Schiebel’s Camcopter S-100 unmanned aerial vehicle has successfully flown off the new Gowind class OPV (Offshore Patrol Vessel), L’Adroit, built by DCNS and handed over to the French Navy in October.
The S-100 successfully completed a series of flights and trials onboard the L’Adroit at the beginning of November, under the command and control of the French Navy. L’Adroit has been specifically designed to operate Unmanned Vehicles.
“With the unmanned airborne system it is possible to gather information without tiring the crew and without exposing the crew,” said DCNS OPV Manager Denis Menage.
During the four days of operation in the Bay of Biscay, the Camcopter carried out eleven flights and 89 deck landings using a harpoon developed by Schiebel. As part of the trials, the S-100 used its electro-optical and infrared sensors to identify potential threats such as small boats.
“This versatile and very capable UAV can fly a complex mission as planned, without any direct interaction from the operator it is fully automatic. Its positioning systems (a combination of GPS and inertial measurement) guarantee precise navigation and stability, necessary conditions for the accurate landing on a moving platform at sea,” a naval spokesman said.
Schiebel’s Camcopter S-100 Vertical Takeoff and Landing (VTOL) Unmanned Air System needs no prepared area, supporting launch or recovery equipment. It operates day and night, under adverse weather conditions, with a beyond line-of-sight capability out to 200 km, both on land and at sea, Schiebel says.
The S-100 navigates via pre-programmed GPS waypoints or is operated with a Pilot Control Unit. Missions are planned and controlled via simple point-and-click graphical user interface and high definition payload imagery is transmitted to the control station in real-time. Using “fly-by-wire” technology controlled by a triple-redundant flight computer, the AV can complete its mission automatically.
Its carbon fiber and titanium fuselage provides capacity for a wide range of payload/endurance combinations up to a service ceiling of 18,000 ft and, in the standard configuration, carries a 75 lbs/34 kg payload for over 6 hours.
Built under a DCNS-funded programme, L’Adroit was officially made available to the French Navy on October 21. It is a symbol of DCNS’s ambition to win a larger share of the markets for small- and medium-displacement surface ships.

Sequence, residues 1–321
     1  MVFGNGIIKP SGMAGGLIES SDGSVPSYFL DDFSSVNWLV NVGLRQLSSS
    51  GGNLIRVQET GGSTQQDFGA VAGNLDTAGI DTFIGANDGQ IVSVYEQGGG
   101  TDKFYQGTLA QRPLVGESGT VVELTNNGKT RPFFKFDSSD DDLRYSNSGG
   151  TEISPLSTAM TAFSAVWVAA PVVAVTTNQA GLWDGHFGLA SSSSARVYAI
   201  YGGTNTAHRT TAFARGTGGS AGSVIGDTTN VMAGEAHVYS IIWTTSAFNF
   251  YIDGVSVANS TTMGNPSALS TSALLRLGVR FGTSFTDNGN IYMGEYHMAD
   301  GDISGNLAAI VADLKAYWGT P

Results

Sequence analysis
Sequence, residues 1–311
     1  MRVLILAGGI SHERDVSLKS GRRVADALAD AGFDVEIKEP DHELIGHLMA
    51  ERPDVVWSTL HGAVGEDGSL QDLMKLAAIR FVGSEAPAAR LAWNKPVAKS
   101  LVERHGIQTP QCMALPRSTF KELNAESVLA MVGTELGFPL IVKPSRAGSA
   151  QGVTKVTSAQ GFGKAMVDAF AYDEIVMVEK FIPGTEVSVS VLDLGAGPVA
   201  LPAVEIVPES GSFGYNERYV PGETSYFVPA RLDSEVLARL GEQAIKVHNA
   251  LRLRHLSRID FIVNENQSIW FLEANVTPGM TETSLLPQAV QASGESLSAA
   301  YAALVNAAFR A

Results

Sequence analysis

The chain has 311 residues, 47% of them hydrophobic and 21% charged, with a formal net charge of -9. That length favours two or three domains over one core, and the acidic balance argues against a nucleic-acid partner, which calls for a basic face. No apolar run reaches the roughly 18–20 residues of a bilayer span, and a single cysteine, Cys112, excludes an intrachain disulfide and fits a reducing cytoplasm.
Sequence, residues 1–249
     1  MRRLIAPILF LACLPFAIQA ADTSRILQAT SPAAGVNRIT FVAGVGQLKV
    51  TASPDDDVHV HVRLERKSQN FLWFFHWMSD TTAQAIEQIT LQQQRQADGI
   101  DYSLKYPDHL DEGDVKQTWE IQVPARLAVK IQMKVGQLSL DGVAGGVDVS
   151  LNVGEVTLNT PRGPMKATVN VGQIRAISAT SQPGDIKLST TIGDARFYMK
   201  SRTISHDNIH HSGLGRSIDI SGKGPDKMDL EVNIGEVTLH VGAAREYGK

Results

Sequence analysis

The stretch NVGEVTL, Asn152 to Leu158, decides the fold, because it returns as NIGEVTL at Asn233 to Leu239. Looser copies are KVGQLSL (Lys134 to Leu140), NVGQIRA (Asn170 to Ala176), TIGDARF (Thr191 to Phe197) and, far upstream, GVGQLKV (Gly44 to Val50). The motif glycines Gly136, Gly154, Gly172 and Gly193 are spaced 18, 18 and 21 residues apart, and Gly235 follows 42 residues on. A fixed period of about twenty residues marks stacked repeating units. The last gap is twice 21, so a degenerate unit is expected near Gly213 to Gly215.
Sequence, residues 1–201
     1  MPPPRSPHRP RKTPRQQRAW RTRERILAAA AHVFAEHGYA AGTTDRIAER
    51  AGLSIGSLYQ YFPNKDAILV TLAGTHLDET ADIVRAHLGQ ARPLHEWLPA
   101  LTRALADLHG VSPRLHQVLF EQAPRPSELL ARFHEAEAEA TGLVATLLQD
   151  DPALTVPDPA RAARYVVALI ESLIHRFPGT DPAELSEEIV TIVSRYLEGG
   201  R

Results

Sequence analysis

Over the next three years, the French Navy will thoroughly test the vessel, designed for current and emerging maritime safety & security missions, including fisheries surveillance, drug interdiction, environmental protection, humanitarian support and search and rescue at sea.
With two crews rotating every four months, L’Adroit will offer a high level of at-sea availability, spending 220 days a year on operational missions.
L’Adroit has a length of 87 metres, an at-sea endurance of more than 3 weeks and a range of 8 000 nautical miles. With a top speed of 21 knots, the vessel has a helicopter flight deck and can accommodate UAV operations. It is designed for reduced crewing, with a complement of 30 and space for 30 passengers.
Innovations and capabilities of special interest to ship-based naval, commando and coast guard forces include a panoramic bridge offering 360° visibility, a single enclosed mast offering 360° sensor visibility, covert deployment of fast commando boats in less than five minutes and full provision for unmanned aerial and surface vehicles (UAVs and USVs).
DCNS first announced the Gowind family of corvettes in 2006. Since then, DCNS has enlarged the family to include four corvettes with lengths from 85 to 105 metres and displacements from 1 000 to 2 500 tons.
A variety of weapons can be carried depending on the customer country’s mission requirements. The weapon systems include: water cannons, 12.7mm remotely controlled machine guns, a 20mm cannon, 76mm naval gun on the forward gun deck, anti-ship missiles, ship self-defence system and electronic warfare suite.
In September it was announced that DCNS and South African maritime organisation KND had signed a memorandum of understanding (MoU) for the promotion, construction and sale of Gowind offshore patrol vessels in South Africa.
The purpose of the agreement is to win new offshore patrol vessel (OPV) contracts, first in South Africa, and then in other sub-Saharan countries.
DCNS has long held an interested in South Africa – in September 2008 it launched the Gowind design in South Africa rather than wait for the Euronavale exhibition in Paris later in October.
Following visits by DCNS and KND to each other’s facilities, the two naval shipbuilders quickly recognised the major benefits of forming a partnership. DCNS is trying hard to get into the South African market by offering the Gowind for the SA Navy’s multipurpose offshore patrol vessel (MM OPV, Project Biro) and strategic support ship (SSS, Project Millennium) requirements.